revolution
When all else fails, read the source


Joined: 24 Aug 2004
Posts: 16782
Location: In your JS exploiting you and your system
l_inc wrote:
However I don't believe revolution to be able to allocate a contiguous range of more than 2GB using two VirtualAlloc calls, because even on a 64 bit Windows no such region exists in a 32 bit process. Not even a combined region of kind: xxx to 0x7fffffff and 0xffffffff80000000 to yyy. That's because there's a user-kernel shared data region residing in the upper kilobytes of the lower half of the addressing space and because of the TEB, PEB and other regions residing at the top of the accessible addressing space.
Even with a single allocation of 0x7ffc0000 it already spans across the 2GB boundary. See my example code in the first post of this topic, it already crosses 0x80000000. For my system it starts at 0x7fff0000 and goes to 0xfffb0000
l_inc wrote:
Btw. in a 64 bit process allocating more than 2GB in a single call is not a problem.
fasm is a 32-bit program ATM. If it ever goes to 64-bit then many things dealing with address spaces would become non-problems.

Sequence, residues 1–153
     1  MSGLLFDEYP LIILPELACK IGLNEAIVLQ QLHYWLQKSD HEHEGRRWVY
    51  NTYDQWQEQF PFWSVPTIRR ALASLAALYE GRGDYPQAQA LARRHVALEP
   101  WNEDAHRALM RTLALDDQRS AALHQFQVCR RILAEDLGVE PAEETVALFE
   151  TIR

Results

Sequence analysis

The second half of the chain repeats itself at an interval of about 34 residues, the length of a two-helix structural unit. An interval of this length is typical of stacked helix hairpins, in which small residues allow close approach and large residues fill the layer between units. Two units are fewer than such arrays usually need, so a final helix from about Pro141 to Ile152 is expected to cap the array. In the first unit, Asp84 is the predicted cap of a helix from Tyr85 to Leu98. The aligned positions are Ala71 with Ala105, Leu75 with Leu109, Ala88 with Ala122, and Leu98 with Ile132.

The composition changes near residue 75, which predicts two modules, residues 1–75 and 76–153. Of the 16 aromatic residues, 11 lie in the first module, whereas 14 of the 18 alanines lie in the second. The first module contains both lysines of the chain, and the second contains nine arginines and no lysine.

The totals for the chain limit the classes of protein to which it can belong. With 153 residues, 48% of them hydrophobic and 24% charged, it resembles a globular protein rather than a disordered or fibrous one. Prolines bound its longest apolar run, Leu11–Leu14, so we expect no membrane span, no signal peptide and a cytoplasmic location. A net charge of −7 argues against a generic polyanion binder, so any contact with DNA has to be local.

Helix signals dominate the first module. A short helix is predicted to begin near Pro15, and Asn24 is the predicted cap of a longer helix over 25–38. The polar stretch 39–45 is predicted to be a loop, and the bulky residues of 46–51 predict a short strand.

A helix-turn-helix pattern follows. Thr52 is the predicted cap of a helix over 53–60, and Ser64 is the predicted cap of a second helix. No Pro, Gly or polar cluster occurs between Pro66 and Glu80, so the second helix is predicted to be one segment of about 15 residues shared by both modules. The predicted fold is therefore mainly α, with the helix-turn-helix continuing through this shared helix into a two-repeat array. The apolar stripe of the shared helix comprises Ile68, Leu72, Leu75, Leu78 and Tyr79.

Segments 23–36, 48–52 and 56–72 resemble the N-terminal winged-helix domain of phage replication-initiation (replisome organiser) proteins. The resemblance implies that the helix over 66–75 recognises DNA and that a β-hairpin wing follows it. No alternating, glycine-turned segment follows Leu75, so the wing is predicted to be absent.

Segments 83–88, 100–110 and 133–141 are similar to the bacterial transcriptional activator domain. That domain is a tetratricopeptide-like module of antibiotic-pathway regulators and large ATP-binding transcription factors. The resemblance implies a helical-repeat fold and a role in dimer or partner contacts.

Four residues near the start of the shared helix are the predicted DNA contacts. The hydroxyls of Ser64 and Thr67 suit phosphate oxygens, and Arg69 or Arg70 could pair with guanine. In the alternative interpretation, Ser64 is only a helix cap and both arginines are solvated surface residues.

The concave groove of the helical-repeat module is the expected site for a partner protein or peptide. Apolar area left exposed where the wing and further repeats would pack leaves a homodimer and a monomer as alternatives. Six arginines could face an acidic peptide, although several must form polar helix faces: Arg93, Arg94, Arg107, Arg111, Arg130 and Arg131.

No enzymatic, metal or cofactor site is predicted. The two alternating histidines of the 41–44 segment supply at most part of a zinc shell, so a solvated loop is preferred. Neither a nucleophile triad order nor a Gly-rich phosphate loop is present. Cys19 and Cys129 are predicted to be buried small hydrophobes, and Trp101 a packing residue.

Post 13 Jan 2015, 03:27
View user's profile Send private message Visit poster's website Reply with quote
JohnFound



Joined: 16 Jun 2003
Posts: 3500
Location: Bulgaria
l_inc, I am aware than memory eating constructions are possible, but they usually are not useful for practical programming. Just a play for fun and education with FASM macro features.
Post 13 Jan 2015, 06:10
View user's profile Send private message Visit poster's website ICQ Number Reply with quote
revolution
When all else fails, read the source


Joined: 24 Aug 2004
Posts: 16782
Location: In your JS exploiting you and your system
JohnFound wrote:
BTW, do you guys really need such huge memory blocks? Fresh IDE needs 256K for compilation and it is the biggest program I ever wrote - 328000 lines of code. What you actually compile?
I don't think I've ever used 2GB but I have needed a large space in some circumstances.
Code: